A Geometric Morphometric Approach to the Analysis of Lip Shape During Speech: Development of a Clinical Outcome Measure.

A Geometric Morphometric Approach to the Analysis of Lip Shape during Speech: Development of a Clinical Outcome Measure.

PLoS One. 2013; 8(2): e57368
Popat H, Richmond S, Zhurov AI, Rosin PL, Marshall D

Objective assessments of lip movement can be beneficial in many disciplines including visual speech recognition, for surgical outcome assessment in patients with cleft lip and for the rehabilitation of patients with facial nerve impairments. The aim of this study was to develop an outcome measure for lip shape during speech using statistical shape analysis techniques. Lip movements during speech were captured from a sample of adult subjects considered as average using a three-dimensional motion capture system. Geometric Morphometrics was employed to extract three-dimensional coordinate data for lip shape during four spoken words decomposed into seven visemes (which included the resting lip shape). Canonical variate analysis was carried out in an attempt to statistically discriminate the seven visemes. The results showed that the second canonical variate discriminated the resting lip shape from articulation of the utterances and accounted for 17.2% of the total variance of the model. The first canonical variate was significant in discriminating between the utterances and accounted for 72.8% of the total variance of the model. The outcome measure was created using the 95% confidence intervals of the canonical variate scores for each subject plotted as ellipses for each viseme. The method and outcome model is proposed as reference to compare lip movement during speech in similar population groups. HubMed – rehab


Prior Infection Does Not Improve Survival against the Amphibian Disease Chytridiomycosis.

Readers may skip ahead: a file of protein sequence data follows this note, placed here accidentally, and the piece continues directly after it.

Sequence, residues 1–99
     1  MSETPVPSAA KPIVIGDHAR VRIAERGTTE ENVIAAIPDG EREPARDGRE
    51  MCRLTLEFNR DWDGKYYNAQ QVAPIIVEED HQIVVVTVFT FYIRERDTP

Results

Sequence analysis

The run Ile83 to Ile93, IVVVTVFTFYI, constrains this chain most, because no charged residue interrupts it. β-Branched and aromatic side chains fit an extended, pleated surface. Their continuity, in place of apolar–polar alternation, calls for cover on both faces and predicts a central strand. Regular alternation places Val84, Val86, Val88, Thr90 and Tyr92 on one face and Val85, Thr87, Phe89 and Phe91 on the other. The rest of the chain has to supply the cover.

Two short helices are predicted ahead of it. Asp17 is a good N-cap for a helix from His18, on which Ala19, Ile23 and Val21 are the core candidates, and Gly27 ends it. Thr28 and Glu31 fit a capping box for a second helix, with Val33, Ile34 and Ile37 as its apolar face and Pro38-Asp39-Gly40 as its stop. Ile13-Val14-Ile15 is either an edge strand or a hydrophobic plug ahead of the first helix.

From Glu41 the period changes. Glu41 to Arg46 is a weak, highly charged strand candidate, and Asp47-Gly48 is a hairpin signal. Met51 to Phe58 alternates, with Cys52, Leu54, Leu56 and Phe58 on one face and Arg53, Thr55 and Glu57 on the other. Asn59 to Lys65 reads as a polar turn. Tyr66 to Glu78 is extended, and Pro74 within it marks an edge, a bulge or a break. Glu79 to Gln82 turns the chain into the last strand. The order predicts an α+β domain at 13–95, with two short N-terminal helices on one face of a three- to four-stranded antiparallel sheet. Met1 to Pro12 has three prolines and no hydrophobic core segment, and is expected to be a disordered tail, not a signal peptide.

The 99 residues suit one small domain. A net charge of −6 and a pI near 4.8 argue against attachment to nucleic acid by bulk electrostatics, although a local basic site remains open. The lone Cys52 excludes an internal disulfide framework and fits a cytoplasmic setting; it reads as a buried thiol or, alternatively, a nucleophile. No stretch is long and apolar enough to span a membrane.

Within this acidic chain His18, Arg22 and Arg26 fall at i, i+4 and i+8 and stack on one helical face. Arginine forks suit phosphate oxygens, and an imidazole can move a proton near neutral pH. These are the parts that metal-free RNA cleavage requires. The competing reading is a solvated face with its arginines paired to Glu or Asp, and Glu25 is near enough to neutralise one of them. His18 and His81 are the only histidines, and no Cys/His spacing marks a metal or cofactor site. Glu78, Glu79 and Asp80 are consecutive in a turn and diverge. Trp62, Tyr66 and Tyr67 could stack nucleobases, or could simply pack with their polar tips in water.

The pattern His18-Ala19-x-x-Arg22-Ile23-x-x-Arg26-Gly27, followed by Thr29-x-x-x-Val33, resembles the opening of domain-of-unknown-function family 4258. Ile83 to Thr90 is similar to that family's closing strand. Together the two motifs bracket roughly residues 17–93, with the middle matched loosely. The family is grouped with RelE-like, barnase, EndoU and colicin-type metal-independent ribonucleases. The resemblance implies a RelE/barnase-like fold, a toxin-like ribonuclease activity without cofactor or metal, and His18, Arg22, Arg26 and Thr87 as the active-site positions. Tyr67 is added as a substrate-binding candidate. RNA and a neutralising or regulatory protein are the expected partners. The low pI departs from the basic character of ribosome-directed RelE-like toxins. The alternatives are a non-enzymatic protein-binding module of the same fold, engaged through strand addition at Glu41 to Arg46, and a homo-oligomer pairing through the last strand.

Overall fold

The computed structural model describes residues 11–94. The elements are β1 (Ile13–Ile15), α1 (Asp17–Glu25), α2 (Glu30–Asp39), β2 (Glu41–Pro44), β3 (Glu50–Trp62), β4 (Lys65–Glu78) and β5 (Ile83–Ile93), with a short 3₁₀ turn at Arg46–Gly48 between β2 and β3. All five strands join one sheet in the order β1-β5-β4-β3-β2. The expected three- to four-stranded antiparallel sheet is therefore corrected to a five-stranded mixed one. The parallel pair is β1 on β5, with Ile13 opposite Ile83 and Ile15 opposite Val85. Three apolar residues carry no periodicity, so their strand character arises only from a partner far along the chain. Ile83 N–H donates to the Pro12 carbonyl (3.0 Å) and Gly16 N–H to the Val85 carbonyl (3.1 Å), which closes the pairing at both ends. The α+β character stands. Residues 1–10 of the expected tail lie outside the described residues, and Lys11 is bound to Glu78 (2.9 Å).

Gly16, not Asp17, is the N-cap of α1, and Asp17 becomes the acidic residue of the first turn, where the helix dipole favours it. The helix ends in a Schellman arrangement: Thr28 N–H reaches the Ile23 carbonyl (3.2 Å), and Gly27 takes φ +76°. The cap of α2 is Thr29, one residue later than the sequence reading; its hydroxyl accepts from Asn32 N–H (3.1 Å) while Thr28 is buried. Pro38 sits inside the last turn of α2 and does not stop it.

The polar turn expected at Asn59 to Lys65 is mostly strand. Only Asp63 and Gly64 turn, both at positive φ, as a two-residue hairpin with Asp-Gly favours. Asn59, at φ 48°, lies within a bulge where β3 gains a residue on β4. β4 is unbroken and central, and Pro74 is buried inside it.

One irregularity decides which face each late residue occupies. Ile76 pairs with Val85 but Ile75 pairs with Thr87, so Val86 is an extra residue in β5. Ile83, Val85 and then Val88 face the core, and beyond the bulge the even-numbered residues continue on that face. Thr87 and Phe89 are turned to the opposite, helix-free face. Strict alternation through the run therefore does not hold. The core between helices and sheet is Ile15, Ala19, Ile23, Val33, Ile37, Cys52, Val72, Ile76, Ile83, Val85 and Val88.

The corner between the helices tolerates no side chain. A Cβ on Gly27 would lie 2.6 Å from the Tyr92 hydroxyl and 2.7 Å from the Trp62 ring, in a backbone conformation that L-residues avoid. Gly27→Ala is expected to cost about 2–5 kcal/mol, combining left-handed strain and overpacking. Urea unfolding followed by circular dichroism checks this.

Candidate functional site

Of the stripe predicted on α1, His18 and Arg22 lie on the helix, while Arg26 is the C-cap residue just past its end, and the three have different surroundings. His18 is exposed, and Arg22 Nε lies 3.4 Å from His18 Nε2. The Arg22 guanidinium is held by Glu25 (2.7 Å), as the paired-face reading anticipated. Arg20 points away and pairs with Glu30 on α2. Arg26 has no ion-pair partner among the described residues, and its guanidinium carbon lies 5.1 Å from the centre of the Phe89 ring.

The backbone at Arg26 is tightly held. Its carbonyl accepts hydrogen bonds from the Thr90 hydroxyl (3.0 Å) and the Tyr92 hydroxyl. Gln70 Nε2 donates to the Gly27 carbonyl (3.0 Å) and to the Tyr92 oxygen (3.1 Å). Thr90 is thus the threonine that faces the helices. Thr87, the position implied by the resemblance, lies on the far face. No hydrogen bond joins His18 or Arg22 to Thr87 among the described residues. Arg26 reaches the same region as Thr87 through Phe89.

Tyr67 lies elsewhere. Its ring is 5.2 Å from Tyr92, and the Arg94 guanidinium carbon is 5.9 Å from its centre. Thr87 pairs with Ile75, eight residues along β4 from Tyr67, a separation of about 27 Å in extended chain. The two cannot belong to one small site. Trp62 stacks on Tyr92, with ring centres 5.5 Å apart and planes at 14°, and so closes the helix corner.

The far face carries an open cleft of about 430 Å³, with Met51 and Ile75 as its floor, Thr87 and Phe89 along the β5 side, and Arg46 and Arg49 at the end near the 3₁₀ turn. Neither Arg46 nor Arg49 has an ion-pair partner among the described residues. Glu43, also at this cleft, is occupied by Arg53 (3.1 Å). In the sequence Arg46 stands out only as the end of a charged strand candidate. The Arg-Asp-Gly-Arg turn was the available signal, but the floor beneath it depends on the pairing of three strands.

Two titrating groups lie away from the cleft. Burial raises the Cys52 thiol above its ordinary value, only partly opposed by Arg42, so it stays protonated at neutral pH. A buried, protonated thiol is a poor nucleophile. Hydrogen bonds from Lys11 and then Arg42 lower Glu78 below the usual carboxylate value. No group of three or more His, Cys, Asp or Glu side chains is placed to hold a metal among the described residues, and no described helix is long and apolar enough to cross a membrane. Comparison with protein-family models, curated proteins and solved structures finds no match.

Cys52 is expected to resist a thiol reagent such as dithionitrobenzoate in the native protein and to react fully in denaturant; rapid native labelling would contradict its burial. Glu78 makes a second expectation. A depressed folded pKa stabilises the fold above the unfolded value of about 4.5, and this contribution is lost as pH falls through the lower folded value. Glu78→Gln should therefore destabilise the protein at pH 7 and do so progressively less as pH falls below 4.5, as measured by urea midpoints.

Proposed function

PLoS One. 2013; 8(2): e56747
Cashins SD, Grogan LF, McFadden M, Hunter D, Harlow PS, Berger L, Skerratt LF

Many amphibians have declined globally due to introduction of the pathogenic fungus (). Hundreds of species, many in well-protected habitats, remain as small populations at risk of extinction. Currently the only proven conservation strategy is to maintain species in captivity to be reintroduced at a later date. However, methods to abate the disease in the wild are urgently needed so that reintroduced and wild animals can survive in the presence of . Vaccination has been widely suggested as a potential strategy to improve survival. We used captive-bred offspring of critically endangered booroolong frogs () to test if vaccination in the form of prior infection improves survival following re exposure. We infected frogs with a local isolate, cleared infection after 30 days (d) using itraconazole just prior to the onset of clinical signs, and then re-exposed animals to at 110 d. We found prior exposure had no effect on survival or infection intensities, clearly showing that real infections do not stimulate a protective adaptive immune response in this species. This result supports recent studies suggesting may evade or suppress host immune functions. Our results suggest vaccination is unlikely to be useful in mitigating chytridiomycosis. However, survival of some individuals from all experimental groups indicates existence of protective innate immunity. Understanding and promoting this innate resistance holds potential for enabling species recovery. HubMed – rehab


Correction: Absence of Antiretroviral Therapy and Other Risk Factors for Morbidity and Mortality in Malaysian Compulsory Drug Detention and Rehabilitation Centers.

PLoS One. 2013; 8(2):
Fu JJ, Bazazi AR, Altice FL, Mohamed MN, Kamarulzaman A

[This corrects the article on p. e44249 in vol. 7.]. HubMed – rehab


The challenge of periodic fevers in children.

Paediatr Child Health. 2012 Mar; 17(3): 123
Dancey P, Benseler S, Junker AK, Laxer RM, Miettunen PM, Turner LA, Gattorno M

HubMed – rehab



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